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A.E. Housman (Penguin Poetry Library)

4.12 of 5 stars 4.12  ·  rating details  ·  593 ratings  ·  35 reviews
This volume constitutes the authorized canon of A.E. Housman's verse as it was established in 1939, three years after his death. In contains A Shropshire Lad, Last Poems, More Poems, the Additional Poems, and the three translations from A.W. Pollard's anthology, Odes from the Greek Dramatists.
Published June 12th 1997 (first published 1946)
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One of my favorites:


How clear, how lovely bright
How beautiful to sight
Those beams of morning play;
How heaven laughs out with glee
Where, like a bird set free,
Up from the eastern sea
Soars the delightful day.

To-day I shall be strong,
No more shall yield to wrong,
Shall squander life no more;
Days lost, I know not how,
I shall retrieve them now;
Now I shall keep the vow
I never kept before.

Ensanguining the skies
How heavily it dies
Into the west away;
Past touch and sight and sound
Not further to be f
Bryn Hammond
I have loved, do love and shall love Housman. Way out of fashion, like my other young love Swinburne. I spent more time with them than with those thought better poets, early in life, and have no regrets. It's true the alt sexuality helped in both cases. Perhaps I can liken Housman to the lyrics of The Smiths. I think I can.
To an Athlete Dying Young

The time you won your town the race
We chaired you through the market-place;
Man and boy stood cheering by,
And home we brought you shoulder-high.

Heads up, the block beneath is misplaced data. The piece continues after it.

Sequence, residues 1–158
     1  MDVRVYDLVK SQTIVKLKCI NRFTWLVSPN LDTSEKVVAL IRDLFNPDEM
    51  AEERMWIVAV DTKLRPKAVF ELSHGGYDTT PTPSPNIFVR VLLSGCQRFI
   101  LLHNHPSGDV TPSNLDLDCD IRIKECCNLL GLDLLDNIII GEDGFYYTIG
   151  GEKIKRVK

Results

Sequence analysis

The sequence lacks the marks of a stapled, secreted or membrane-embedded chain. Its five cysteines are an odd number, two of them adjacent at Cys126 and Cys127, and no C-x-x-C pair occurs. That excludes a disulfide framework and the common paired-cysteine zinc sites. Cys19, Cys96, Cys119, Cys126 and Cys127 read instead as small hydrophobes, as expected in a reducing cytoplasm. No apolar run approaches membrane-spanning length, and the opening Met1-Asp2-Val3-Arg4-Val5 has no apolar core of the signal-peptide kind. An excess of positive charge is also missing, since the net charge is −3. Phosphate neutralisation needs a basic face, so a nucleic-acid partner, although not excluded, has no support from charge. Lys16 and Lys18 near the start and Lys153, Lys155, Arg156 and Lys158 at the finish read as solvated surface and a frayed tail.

Today, the road all runners come,
Shoulder-high we bring you home,
And set you at your threshold down,
Townsman of a stiller town.

This is one of my favorite poems in this collection. I like it so much that I can't see how any lover of poetry could fail to respond to it.
Unrequited love and youthful death are the author's recurrent themes. Always forthright and devoid of the esoteric and modernistic qualities of more revered poets, Housman's work, though imbued with a pronounced melancholy, is never strident or sanctimonious. It is through the symmetry of theme that Housman achieves the solemnity which lends these justly celebrated poems their stature.
I feel that any discussion of A. E. Housman's poetry should first acknowledge that he was never a poet in the sa
Henry C.
There are better and, probably, more fierce poets. Poets with a broader range of work, who show greater depth of subject matters and setting. Poets who depend less on rhyme schemes, which can make deeply felt themes feel overly simple or insufficiently tricky or not-quite-grave-enough or ... something.

So what? Why not celebrate accessibility? A.E. Housman's smooth, lyrical style makes his poetry easy to absorb. To dismiss it, as some do, for its rhyming and its relative ease of entry is a fooli
favorite poem

Untitled by A.E. Housman

I to my perils
Of cheat and charmer
Came clad in armour
By stars benign.

Hope lies to mortals
And most believe her,
But man’s deceiver
Was never mine.

The thoughts of others
Were light and fleeting,
Of lovers’ meeting
Or luck or fame.

Mine were of trouble,
And mine were steady,
So I was ready
When trouble came.

Yes, I know. How dreadfully unfashionable! And yet... I've loved Housman's poetry since high school. I love his pastiches of both Sappho and the Greek Anthology, I love the clear-eyed and Stoic sense of fate and loss, I love the crisp precision. This is a volume I've had on my shelves since I was sixteen--- replaced over and over. And it'll always be a favourite.
Forgive the format but I couldn't resist:

I read this collection
Whilst suffering the heat
Of another year's vacation
And found the writer neat.